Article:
Saturday, October 3, 2015

Our first independent project: Opiliones

At La Selva, we were to complete our first independent project.  Little did I know how difficult it would be to simply come up with an idea for a successful project.  However, my group of four finally decided to do our research project on Opiliones.
Opiliones, also called harvestmen, or daddy long legs, are known for their small bodies and their eight long, thin legs.  Of the eight legs, six are locomotor legs, while the other two longer legs are considered sensory legs.  Opiliones are NOT spiders, but rather arachnids.  There are a few major ideas that propelled our research project.  The first is that different species in general use a variety of different tactics to avoid predation.  Opiliones follow suit, as they also use a variety of anti-predator methods for survival.  One line of defense is autotomy, or voluntarily self-amputating a leg, when trying to escape from a predator.  Many Opiliones may be missing one or more locomotor legs, sensory legs, or both.  Other methods include, but are not limited to, the act of bobbing their bodies up and down to confuse predators.  Bobbing up and down rapidly makes it harder for the predator to identify and pinpoint an attack on an individual.  Another defensive mechanism is the act of fleeing or running away to try to escape from a predator.  Lastly, and most importantly for our research project, Opiliones tend to live in groups for protection.   By living in groups, each individual lessens its chance of being preyed upon, or “diluting” its chances of being eaten, known as the dilution effect.  So the main question driving our research project was does group size, configuration (are they spread 0 - 5 cm apart, are they clustered, or are they stacked on top of each other), and/or number of legs (all 8 legs, missing locomotor, or missing sensory legs) on an individual receiving a stimulus effect the defense mechanisms of aggregated harvestmen?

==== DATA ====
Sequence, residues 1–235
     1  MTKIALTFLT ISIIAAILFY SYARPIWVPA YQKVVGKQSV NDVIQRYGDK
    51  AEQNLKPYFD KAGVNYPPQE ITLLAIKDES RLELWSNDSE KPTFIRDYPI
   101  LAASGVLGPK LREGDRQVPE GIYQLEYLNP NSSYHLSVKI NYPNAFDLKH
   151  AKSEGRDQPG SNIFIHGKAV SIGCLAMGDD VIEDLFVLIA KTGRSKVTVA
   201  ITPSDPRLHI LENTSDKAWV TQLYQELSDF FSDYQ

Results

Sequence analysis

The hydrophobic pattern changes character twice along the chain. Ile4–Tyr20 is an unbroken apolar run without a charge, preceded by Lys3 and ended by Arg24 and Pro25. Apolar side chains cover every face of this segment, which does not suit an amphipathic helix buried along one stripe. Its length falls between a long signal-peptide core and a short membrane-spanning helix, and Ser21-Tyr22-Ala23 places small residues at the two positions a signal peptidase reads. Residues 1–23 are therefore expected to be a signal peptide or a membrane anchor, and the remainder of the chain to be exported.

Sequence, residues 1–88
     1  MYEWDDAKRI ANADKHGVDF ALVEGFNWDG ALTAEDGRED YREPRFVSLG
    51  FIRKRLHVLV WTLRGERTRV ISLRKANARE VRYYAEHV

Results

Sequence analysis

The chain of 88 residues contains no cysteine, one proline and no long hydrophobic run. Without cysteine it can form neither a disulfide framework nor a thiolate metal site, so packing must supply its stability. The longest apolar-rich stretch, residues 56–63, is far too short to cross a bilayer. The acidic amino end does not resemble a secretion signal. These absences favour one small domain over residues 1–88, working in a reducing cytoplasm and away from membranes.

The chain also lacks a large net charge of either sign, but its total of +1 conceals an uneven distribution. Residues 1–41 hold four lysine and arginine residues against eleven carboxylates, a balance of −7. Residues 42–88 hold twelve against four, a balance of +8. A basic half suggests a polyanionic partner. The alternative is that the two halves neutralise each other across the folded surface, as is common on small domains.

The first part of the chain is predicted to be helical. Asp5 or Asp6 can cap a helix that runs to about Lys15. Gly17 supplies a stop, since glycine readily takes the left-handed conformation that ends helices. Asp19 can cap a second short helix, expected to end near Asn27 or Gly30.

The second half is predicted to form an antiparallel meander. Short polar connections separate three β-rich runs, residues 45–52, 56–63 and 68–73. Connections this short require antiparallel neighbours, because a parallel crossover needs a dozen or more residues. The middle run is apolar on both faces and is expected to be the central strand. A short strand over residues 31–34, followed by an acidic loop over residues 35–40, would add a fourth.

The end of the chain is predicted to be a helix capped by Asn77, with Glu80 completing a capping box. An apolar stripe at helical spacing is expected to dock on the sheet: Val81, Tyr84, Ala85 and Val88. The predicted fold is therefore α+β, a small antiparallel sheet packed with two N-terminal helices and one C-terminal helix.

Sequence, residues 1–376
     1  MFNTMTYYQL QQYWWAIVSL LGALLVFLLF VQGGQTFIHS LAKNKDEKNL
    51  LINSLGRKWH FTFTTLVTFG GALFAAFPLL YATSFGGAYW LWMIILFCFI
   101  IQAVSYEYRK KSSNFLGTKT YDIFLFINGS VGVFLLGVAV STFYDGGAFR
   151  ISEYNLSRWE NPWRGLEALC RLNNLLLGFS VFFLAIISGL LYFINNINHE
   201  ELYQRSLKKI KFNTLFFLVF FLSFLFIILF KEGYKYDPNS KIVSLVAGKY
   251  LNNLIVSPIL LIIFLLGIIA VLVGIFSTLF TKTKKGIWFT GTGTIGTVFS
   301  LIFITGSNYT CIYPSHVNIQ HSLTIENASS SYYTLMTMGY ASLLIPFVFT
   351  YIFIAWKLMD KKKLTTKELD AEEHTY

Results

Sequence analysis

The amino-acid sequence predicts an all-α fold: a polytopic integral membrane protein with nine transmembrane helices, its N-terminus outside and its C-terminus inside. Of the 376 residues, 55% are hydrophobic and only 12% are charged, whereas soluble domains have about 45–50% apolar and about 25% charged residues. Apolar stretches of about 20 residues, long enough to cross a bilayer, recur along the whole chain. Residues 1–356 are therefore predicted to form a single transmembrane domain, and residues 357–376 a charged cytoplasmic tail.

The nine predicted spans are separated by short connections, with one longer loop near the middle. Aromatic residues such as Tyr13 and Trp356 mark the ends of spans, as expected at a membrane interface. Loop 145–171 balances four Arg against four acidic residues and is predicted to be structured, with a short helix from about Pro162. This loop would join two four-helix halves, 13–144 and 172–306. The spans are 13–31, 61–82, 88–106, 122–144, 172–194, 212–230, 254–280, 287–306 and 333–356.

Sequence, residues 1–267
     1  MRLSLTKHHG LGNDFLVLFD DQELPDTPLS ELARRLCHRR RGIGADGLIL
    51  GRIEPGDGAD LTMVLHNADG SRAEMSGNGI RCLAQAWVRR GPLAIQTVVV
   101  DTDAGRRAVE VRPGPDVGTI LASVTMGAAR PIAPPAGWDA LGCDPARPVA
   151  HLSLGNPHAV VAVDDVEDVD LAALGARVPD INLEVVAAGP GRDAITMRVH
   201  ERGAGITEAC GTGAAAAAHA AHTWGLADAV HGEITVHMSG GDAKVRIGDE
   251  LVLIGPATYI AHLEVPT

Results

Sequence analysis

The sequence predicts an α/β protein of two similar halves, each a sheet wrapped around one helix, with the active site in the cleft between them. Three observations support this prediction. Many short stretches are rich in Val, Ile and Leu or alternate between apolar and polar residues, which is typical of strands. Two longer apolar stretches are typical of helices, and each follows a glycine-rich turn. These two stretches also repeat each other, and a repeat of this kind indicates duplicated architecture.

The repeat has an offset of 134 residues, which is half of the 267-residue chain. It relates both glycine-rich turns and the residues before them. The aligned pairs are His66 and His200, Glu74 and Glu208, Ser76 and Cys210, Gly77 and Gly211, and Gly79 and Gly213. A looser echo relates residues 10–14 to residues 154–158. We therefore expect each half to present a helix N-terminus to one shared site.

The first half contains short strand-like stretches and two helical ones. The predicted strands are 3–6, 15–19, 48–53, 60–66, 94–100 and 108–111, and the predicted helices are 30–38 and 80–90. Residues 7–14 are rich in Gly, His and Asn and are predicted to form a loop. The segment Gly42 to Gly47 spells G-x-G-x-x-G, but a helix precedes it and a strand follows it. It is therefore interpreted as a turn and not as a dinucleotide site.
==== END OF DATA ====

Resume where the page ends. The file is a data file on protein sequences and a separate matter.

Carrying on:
After four days in the field searching for groups of harvestmen, we found and tested 119 groups whose membership ranged from 3 to 165 individuals.  Our tests consisted of prodding an individual possessing either 8 legs, missing locomotor legs, or missing sensory legs.  The individual Opiliones tested were located on the edge of the group and prodded with a pencil once every 30 minutes (3 trials per group).  We observed the groups reactions, and noted if they ran, bobbed, ran then bobbed, or didn't respond at all.
Finally, after collecting all of our data, we analyzed everything we gathered from the field.  We found aggregations of Opiliones do not respond differently to disturbed individuals if they are missing a locomotion/sensory leg, or not missing any legs.  Our results also concluded that clustered and spread aggregations showed significantly different responses to stimulus, and that reactions will vary significantly in relation to group size and group density.
We learned a lot about Opiliones when doing our research project, but we also learned to work as a team.  We had a large amount of work, but everyone worked together.  Some of the work was tedious and sometimes physically draining, however, being able to see the results made everything worthwhile. 
Jordan General
Duke University

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